Glossary

This glossary is designed to be a live point of reference that enables fleet decision makers and company car drivers to understand the terminology, technology and acronyms used within the UK automotive fleet sector.  The list is not exhaustive and will continue to develop inline with UK fleet sector.

ACEA

ACEA is the European automobile manufacturers’ association, representing vehicle firms with European production bases on issues including connected and automated driving, environment and sustainability, safety, transport policy and other areas where legislation will impact upon vehicles. Its mission includes acting as advocate for the common interests, policies and positions of the European auto industry. www.acea.be

 

ACFO

Formerly known as the Association of Car Fleet Operators prior to a rebrand several years ago, ACFO is the trade association offering help, support, knowledge and training to fleet operators, a group that increasingly includes members where fleet is just one part of their job. Headed by Arcadia Group fleet and travel manager John Pryor, the association holds various seminars and events through the year, and more information can be found at www.acfo.org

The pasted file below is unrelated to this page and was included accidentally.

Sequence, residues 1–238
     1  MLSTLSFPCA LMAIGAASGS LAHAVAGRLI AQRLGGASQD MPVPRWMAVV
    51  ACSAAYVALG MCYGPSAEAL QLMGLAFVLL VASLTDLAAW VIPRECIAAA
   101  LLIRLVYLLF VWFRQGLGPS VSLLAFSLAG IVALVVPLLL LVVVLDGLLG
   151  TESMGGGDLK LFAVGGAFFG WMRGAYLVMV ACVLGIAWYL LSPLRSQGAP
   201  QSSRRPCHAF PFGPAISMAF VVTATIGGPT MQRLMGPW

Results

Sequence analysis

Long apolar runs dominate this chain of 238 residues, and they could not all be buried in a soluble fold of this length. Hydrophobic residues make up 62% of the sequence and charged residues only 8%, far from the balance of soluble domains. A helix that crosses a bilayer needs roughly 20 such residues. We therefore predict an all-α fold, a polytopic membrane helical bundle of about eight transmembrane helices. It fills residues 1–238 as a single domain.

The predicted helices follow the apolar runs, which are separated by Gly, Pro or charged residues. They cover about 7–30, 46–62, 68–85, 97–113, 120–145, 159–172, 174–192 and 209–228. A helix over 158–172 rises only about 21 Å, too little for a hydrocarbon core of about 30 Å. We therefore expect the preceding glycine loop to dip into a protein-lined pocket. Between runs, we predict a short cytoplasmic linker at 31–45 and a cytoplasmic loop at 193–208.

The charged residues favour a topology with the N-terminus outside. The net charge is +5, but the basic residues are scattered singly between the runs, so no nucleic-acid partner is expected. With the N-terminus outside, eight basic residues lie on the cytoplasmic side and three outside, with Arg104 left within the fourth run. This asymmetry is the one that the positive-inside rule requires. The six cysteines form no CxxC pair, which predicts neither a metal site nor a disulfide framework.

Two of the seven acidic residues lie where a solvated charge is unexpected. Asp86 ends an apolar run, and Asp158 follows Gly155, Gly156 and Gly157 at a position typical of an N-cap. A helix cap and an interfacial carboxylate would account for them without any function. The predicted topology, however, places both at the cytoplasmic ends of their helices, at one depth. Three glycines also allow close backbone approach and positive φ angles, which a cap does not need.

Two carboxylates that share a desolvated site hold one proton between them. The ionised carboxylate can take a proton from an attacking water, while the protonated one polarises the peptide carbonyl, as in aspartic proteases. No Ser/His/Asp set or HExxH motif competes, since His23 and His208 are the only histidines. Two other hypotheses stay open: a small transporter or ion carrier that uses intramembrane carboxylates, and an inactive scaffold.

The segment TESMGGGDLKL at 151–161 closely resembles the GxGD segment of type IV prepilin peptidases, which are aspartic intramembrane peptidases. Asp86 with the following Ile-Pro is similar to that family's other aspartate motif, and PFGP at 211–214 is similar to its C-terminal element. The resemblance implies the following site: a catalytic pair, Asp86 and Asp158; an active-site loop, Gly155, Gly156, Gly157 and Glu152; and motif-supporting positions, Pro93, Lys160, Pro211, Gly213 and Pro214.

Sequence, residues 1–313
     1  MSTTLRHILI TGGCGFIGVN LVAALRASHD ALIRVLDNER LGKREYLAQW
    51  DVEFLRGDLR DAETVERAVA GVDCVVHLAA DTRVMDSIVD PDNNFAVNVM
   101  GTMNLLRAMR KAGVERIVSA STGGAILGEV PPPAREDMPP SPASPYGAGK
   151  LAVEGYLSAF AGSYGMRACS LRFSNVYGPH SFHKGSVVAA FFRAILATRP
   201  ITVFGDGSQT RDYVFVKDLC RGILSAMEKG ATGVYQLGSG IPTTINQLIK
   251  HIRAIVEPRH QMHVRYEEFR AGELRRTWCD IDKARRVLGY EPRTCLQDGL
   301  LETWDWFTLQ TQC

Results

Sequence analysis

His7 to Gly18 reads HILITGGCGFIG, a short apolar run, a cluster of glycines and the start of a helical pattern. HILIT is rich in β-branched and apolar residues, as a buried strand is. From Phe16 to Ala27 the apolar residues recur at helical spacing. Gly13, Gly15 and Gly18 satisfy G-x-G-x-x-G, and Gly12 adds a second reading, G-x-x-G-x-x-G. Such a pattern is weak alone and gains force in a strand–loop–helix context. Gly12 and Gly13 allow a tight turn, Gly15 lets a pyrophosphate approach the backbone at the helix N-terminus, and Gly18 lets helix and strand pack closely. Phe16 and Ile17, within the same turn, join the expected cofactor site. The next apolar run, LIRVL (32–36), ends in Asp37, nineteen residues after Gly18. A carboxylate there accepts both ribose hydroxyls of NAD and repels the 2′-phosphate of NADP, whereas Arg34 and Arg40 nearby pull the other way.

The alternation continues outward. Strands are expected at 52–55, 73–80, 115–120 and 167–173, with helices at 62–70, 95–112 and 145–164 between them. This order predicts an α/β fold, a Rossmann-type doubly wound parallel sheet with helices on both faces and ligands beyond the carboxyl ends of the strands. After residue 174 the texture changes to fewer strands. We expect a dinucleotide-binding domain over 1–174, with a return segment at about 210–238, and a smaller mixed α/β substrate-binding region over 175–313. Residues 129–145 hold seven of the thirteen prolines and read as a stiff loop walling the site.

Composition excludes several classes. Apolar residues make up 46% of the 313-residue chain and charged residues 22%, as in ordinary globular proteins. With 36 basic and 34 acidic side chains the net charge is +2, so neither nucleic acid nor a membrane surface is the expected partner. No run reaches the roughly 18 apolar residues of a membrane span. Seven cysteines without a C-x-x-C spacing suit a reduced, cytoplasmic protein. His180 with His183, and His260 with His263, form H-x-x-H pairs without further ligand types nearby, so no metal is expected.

ACTIVE STOP AND GO

This is an addition to distance-keeping cruise control systems. Such active cruise systems keep your car a set distance from the car in front on the motorway. However, an active stop and go set-up will bring the car to a halt when traffic ahead stops, and then set off again when the traffic moves, all with no, or limited, pedal input from the driver.

 

ADAS

Advanced Driver Assistance Systems is the overarching name for the increasing number of assistance technologies being developed for modern cars. These include everything from adaptive cruise control and lane-keep assist to parking sensors, automatic lights and wipers and hill decent control, and use increasing numbers of sensors, radar and cameras fitted around the vehicle.

 

ADAPTIVE CRUISE CONTROL

One of several technologies that are paving the way to full driverless cars, adaptive cruise control works like regular cruise in maintaining a set speed, but combines that with a front-mounted radar that will slow the car when it senses a slower vehicle ahead, accelerating back to the set speed once the other traffic has cleared.